In the past centuries, cultures have come up with creative ways to relate to, adopt, and adapt the paper craft as an artistic form. Many of these practices, including Korean Hanji, can be traced individually to specific countries of origin, but other forms – such as papier – mâché, a French-sounding art form originating in ancient China – boast colorful histories that encompass cultures across countries and There are several popular arts that have left a paper trail throughout the world, but origami has left a particularly extensive one. The roots of origami can be traced back to China and Europe as well as Japan. The goal of this article is to illustrate how each culture has shaped the beautiful and beloved art form through the history of the practice.
What is Origami?
The art of origami is the folding of paper. This name is derived from the two words ori (“folding”) and kami (“paper”). It consists of folding an uncut sheet of square paper (often with a colored side) into a sculpture without cutting, gluing, taping, or even making a mark.
History of Origami
As origami became the art form it is today, it was shaped by innovators from many countries.
Ingot ornaments that were folded into gold or yellow paper and thrown into the fire at the conclusion of ceremonies were made by meticulously folding gold or yellow paper into ingot currency. The art of paper folding eventually gained popularity in China. Although similar to Japanese origami, more modern Chinese paper folding exhibits a preference for representing inanimate objects, such as
From the 6th century onward, Japan used paper for its written communication. The practice of folding paper became part of Shinto ritual during this period. The concept of origami as a leisurely activity and an art form did not emerge until the Edo Period (1603 – 1868) in Japan. As with Japanese woodblock prints – an art form that was also popular in this time period – origami works tended to have floral, bird, and Contemporary origami does not stray from these subjects in all but one way, which must do with its continuing attachment to traditional Japanese practices Paper was initially cut strategically so that artists could create their art. In today’s origami, however, folding is the only method of creating shapes-we can thank the Europeans for that.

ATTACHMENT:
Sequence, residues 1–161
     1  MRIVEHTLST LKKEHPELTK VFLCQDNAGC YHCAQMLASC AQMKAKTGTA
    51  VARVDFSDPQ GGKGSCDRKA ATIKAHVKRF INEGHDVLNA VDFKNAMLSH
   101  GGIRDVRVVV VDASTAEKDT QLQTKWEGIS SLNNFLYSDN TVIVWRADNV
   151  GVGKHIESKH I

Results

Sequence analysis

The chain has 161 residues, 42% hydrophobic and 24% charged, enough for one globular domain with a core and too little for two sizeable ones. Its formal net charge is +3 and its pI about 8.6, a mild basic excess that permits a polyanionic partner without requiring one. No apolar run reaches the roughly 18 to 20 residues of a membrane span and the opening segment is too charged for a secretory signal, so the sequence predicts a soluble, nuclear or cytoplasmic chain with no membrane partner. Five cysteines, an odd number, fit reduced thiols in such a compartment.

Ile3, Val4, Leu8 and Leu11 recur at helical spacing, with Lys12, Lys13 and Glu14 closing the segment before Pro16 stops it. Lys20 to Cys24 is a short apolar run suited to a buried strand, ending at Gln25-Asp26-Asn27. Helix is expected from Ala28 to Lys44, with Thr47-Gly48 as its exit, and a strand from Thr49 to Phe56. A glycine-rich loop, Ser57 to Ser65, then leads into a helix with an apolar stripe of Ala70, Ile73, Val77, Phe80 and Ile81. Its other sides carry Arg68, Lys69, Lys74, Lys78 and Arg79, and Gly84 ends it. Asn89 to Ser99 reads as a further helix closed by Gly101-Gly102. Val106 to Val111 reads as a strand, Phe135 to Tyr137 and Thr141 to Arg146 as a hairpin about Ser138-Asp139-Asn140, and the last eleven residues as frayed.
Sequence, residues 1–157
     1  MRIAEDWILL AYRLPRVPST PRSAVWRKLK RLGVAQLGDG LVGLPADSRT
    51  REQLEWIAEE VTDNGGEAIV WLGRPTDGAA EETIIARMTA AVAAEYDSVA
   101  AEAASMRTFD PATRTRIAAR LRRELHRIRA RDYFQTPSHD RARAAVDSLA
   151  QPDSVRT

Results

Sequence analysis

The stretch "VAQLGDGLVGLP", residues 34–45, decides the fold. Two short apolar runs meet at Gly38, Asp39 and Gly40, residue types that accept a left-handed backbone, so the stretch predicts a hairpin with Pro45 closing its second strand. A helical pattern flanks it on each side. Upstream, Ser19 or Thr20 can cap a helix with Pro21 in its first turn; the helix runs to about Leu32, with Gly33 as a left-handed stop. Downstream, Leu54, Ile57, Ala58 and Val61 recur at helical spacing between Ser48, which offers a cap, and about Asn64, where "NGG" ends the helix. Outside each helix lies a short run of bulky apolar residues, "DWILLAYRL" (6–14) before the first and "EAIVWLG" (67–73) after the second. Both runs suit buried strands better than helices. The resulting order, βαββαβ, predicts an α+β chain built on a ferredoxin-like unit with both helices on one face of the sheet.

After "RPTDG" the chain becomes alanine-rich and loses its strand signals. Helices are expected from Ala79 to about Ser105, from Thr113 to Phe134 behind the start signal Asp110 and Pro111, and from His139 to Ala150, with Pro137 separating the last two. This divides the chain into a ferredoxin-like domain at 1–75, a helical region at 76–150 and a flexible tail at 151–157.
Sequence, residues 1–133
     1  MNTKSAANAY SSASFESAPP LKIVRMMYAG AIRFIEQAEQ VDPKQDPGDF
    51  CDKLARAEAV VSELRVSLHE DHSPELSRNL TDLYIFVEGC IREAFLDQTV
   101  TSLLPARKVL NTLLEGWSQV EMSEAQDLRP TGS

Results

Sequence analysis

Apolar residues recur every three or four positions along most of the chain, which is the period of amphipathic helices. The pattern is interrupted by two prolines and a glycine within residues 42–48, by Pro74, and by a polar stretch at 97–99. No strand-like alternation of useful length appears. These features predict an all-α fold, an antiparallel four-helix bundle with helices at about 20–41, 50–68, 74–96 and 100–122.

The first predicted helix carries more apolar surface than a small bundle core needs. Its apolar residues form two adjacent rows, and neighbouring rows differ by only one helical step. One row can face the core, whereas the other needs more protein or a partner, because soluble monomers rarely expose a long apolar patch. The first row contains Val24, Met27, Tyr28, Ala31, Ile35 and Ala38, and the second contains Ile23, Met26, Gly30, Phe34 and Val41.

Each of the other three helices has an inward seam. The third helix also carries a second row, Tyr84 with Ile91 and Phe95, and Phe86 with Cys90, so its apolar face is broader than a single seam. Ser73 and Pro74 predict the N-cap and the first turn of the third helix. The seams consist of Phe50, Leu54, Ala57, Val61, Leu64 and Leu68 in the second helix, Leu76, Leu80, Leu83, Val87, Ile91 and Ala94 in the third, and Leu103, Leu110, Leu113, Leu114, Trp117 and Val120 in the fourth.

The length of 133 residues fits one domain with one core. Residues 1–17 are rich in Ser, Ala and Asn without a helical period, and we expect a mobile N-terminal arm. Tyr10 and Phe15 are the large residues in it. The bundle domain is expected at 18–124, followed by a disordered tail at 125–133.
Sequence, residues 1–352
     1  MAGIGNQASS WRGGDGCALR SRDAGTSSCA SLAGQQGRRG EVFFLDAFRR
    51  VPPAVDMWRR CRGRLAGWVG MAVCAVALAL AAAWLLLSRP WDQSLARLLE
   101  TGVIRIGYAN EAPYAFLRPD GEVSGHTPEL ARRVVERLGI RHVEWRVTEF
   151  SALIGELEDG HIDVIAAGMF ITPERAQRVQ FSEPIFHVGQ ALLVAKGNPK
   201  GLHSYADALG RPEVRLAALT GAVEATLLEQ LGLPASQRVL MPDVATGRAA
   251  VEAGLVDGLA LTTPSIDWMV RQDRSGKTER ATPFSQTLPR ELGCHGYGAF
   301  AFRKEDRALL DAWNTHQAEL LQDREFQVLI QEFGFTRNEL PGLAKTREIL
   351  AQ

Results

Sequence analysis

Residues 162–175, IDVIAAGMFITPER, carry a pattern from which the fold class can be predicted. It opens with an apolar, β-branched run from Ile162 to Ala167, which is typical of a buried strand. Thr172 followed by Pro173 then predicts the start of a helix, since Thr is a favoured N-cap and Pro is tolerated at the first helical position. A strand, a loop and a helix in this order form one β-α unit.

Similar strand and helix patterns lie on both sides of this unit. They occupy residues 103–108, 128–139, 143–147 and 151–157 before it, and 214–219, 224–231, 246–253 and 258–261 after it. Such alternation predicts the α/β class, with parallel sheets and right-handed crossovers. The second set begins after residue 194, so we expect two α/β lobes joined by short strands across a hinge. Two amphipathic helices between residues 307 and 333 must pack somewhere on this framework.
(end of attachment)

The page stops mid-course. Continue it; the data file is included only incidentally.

Folding papers originated in Europe with napkin folding, a practice that rose in popularity during The art form of napkin folding used a variety of methods and techniques that resulted in abstract and figurative forms similar to origami.
After some time, this interest in folding grew to encompass napkins being folded at dinner parties and eventually impacted schools, especially in Friedrich Fröbel’s Kindergarden Founder Friedrich Friedrich Fröbel incorporated some hands-on activities into his “play and activity” centers, including folding papers. The art form spread across the continent as a result of this exposure to origami.